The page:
This has been an adventure for me, guided warmly through this wintry landscape of an album warning of portents we bring upon ourselves, the variations catching my ears and nestling in my head. I shall definitely be giving this a few more spins and if you are a fan of the sub-genre then I can heartily recommend ‘The Ninth Hour’.

Released 7th October 2016

Buy ‘The Ninth Hour’ from Nuclear Blast Records


Review – Riverside – Eye Of The Soundscape – by Kevin Thompson


This was meant originally as a preview, but time and tide, as they say… By now many of you may already have this and be making your own minds up. So here is my review…..

Tragedy when it hits is never expected and the devastation, after initial shock, rushes out like waves and ripples flooding over all it touches. Seeping like damp into everyone’s hearts it leaves you cold and numb. Many bands have faced upsets in their lives, some have survived others not. Many losses are through age and/or self abuse taking it’s toll, but when you lose someone before their expected time, it hits hard. Over the last few years Riverside have become one of my favourite bands and watching them ‘live’ last year we got the feeling they were on the verge of breaking through to the next level and greater things.

But fate is a cruel mistress and I was surprised the sudden passing in February of guitarist Piotr Grudziński affected me so emotionally. Then going online to find the outpouring of sympathy from other fans and the support for the other band members, families and friends was overwhelming. Bassist/vocalist, Mariusz Duda then lost his Father in May and further personal issues have dogged him since. He, along with drummer Piotr Kozieradzki and keyboardist Michał Łapaj, could be forgiven for wanting to take some time away, but it is to their credit and the measure of the men that they have decided to continue as a trio and have started to make future plans as well as continuing solo projects in the wings.


The band have already issued “Love, Fear and the Time Machine” in 5.1 and last Friday (21st October) they released the double disc instrumental “Eye Of The Soundscape”, a fitting homage to their  friend Piotr.

To misquote from Star Wars, ‘this may not be the Riverside you are looking for’. It is a collection of  ideas the band have composed and accumulated over a number of years, some of which have already appeared as bonus tracks with other albums. There are traces of the Riverside we know and love and the beautiful strains of Piotr’s guitar haunts the melodies, but this extensive work  has more in common with the likes of Tangerine Dream mixed with hints of Kraftwerk and Pink Floyd.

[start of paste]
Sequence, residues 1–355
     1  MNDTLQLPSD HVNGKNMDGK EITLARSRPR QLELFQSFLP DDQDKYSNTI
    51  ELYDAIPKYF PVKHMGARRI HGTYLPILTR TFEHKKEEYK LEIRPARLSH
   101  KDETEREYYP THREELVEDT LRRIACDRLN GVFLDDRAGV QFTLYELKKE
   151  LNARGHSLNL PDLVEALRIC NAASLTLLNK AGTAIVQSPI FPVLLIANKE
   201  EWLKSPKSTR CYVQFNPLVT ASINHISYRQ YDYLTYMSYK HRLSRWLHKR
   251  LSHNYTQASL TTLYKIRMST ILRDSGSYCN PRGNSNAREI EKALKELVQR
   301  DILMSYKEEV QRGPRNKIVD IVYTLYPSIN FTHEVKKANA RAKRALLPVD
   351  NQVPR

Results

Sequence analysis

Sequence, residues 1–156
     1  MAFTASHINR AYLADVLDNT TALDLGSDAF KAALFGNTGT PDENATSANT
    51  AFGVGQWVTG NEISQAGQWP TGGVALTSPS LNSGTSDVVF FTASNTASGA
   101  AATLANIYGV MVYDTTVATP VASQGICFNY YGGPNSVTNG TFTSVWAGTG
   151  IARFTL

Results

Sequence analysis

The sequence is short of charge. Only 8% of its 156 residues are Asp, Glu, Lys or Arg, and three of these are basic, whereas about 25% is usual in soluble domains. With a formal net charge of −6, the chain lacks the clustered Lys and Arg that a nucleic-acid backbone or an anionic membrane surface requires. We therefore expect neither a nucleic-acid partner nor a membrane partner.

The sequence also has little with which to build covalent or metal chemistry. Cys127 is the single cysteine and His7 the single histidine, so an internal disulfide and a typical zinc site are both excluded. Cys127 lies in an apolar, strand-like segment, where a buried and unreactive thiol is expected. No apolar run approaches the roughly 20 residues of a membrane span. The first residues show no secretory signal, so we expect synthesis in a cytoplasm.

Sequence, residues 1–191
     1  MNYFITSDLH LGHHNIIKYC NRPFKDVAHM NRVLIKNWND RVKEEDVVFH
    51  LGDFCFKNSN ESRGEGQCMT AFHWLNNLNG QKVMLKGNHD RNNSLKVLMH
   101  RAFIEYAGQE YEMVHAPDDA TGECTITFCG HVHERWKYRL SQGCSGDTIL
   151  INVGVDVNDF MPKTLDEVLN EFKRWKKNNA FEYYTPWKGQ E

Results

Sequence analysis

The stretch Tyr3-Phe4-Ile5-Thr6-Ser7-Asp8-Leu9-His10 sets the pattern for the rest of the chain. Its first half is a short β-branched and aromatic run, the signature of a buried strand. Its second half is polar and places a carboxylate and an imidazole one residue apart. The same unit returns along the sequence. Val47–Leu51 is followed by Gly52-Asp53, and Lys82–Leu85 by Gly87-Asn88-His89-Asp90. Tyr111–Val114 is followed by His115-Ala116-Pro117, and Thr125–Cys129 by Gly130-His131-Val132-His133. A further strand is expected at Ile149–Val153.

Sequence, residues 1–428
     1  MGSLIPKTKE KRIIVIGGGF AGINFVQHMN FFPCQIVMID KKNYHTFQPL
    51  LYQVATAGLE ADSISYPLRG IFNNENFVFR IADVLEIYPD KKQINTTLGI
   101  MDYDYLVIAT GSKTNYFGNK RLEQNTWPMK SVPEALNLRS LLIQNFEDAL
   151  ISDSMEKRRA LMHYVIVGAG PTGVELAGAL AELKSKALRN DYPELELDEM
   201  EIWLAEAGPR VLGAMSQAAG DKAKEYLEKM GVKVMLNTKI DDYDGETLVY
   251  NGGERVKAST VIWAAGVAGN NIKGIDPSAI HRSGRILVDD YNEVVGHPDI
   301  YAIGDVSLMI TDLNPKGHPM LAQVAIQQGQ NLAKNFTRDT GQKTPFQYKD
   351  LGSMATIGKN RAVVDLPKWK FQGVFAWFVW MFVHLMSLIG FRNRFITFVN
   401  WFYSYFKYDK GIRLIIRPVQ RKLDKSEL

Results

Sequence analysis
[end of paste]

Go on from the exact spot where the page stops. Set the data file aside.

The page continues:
You may be accustomed to my reviewing album tracks on an individual basis, but in this case I feel the album works better if listened to as a whole. It will not be for everyone and with the best will in the world, you will find the direction and length of this formidable album (though the tracks on the second disc are generally shorter) tests you and it may be that only the hardcore Riverside fan will persevere and last the distance.


The ambient mood and atmosphere of this album floats you down a dark river of keyboards and effects, the bass and drums causing the eddy and flow, with the guitar propelling “Eye Of The Soundscape” along a dreamy and immersive journey, some of which will engage you whilst other tracks will wash over you like liquid velvet. Jazz infused saxophone passages echo in the night-lit jungle as you drift along, the large bright moon of sound casting fleeting shadows of effects through the dense foliage of music.

 Piotr’s fluid (at times Gilmoresque) fretwork is quite sublime if understated in places, on what some may see as an album of pleasant enough background music, soporific or even uninteresting. Before the devout following tear me to pieces, I hasten to point out I do not fall into those categories as I am also a fan of Tangerine Dream and Pink Floyd and own many of their recordings in my collection along with other ambient classics and instrumentals.

 Some may only listen to “Eye Of The Soundscape” once and place the album on a shelf, leaving it to collect dust or brushing it off occasionally to attempt further understanding and convince themselves they do like it; you don’t have to. It will split opinion with it’s diversification but I feel  it stands as a fitting tribute from the band and on behalf of everyone Piotr’s presence touched, to a sadly missed and greatly loved friend.


There have been better Riverside albums musically, but none more emotionally charged from a band who truly have remained as positive as possible in the face of adversity. Never losing touch with their fans, sharing visions and hopes and updating everyone with every tentative step along this personal journey, they humble us. The quality of the instrumentation from the band is also first class.